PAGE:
State Surcharge report: Permits get counted on this report when permit fees (not surcharge fees) are paid, voided, or refunded. Permit types like the 1 & 2 Family Dwelling may have permit fees in each of the Structural, Mechanical, Electrical, and Plumbing categories; a permit fee assessed in a category will count as 1 permit (so you may have 4 “permits” counted for a single 1 & 2 Family Dwelling permit). Each permit fee category that has a positive fee total counts as 1 permit in the permit count, while negative fee totals (caused by refunds or voids) count as -1 in the permit count. In other words, if you take a permit payment in one month it will count as 1 permit and if you refund that same permit payment six months later it will count as -1 on your next report. Also, if you take partial permit payments each payment will count as a permit fee paid, so your permit count will be too high for each extra permit payment you record.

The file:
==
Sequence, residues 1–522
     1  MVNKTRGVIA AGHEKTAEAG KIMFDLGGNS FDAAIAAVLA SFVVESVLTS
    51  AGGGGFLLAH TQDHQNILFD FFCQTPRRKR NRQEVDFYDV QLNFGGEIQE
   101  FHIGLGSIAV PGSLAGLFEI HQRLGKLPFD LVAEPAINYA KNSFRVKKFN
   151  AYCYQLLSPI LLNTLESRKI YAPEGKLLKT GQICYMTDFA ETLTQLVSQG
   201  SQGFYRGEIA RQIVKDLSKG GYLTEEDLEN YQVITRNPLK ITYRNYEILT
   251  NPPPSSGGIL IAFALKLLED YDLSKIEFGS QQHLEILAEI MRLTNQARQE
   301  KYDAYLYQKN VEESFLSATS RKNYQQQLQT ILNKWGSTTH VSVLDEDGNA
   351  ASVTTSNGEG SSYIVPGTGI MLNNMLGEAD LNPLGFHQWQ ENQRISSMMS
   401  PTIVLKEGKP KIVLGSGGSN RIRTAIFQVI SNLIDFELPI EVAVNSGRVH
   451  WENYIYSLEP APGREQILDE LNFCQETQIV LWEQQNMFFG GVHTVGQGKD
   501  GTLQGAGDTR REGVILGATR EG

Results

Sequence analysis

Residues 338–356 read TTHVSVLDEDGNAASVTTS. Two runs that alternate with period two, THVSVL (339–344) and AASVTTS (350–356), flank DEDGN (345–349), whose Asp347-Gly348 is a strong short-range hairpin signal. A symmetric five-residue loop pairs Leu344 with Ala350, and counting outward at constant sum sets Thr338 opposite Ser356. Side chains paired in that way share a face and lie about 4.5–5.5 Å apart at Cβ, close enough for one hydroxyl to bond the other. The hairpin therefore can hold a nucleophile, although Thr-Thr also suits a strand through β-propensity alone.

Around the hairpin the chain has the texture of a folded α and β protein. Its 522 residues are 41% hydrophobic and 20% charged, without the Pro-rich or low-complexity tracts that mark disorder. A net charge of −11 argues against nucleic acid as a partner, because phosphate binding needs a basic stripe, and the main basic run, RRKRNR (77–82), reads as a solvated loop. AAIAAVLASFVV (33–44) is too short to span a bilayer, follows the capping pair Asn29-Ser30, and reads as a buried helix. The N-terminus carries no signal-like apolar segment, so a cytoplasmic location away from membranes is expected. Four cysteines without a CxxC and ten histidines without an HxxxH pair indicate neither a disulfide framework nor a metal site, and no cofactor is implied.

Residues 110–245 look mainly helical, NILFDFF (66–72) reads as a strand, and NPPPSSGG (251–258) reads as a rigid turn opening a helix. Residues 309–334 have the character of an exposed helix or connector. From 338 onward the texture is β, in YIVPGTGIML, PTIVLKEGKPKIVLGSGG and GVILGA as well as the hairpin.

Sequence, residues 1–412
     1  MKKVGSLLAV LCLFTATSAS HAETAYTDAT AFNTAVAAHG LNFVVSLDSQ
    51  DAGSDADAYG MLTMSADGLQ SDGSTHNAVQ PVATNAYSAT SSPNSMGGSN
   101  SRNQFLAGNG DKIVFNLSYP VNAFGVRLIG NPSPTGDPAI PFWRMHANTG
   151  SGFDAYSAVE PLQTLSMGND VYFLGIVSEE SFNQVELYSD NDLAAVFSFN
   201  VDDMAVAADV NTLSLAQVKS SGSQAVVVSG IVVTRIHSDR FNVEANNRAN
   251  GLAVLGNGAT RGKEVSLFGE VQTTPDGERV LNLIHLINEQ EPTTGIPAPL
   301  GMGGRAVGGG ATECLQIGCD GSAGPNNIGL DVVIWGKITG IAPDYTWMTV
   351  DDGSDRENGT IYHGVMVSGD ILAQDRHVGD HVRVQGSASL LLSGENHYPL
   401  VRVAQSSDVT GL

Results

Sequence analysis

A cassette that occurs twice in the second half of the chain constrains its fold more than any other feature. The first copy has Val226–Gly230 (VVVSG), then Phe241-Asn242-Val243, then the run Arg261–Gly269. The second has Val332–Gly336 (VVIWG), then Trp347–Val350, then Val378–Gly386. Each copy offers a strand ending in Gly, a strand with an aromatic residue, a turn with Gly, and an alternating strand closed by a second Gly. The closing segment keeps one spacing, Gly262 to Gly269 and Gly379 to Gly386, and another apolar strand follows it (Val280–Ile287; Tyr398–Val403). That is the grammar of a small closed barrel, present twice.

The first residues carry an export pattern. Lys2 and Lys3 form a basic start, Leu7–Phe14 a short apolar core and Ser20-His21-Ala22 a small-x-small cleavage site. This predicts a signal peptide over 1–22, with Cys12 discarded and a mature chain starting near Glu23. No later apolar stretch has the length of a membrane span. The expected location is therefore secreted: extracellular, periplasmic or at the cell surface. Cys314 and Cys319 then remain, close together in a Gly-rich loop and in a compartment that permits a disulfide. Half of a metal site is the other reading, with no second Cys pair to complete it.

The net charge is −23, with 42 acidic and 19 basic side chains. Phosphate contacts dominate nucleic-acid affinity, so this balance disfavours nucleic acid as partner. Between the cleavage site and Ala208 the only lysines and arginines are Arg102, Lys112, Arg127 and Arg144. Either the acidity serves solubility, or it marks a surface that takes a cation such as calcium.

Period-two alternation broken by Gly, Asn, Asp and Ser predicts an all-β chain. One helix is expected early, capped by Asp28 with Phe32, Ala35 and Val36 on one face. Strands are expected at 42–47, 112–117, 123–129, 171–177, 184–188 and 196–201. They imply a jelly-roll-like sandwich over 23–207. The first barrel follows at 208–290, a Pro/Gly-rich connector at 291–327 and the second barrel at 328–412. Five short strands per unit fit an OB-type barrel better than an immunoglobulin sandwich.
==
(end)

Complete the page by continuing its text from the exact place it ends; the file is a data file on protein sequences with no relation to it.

Building Data Request report: This report looks for permits that have the status of “permit issued,” that also have a paid surcharge fee (looking for the surcharge fee weeds out the permits, like demolition permits, that are not covered by the building code and thus should not be included in the building data report).
In summary, the big differences between the reports:
Given all of this, when the mechanical, structural, plumbing, and electrical permit counts on the State Surcharge report are totaled for an entire year, the count is likely to be slightly higher than the permits issued count on the Building Data report for the entire year.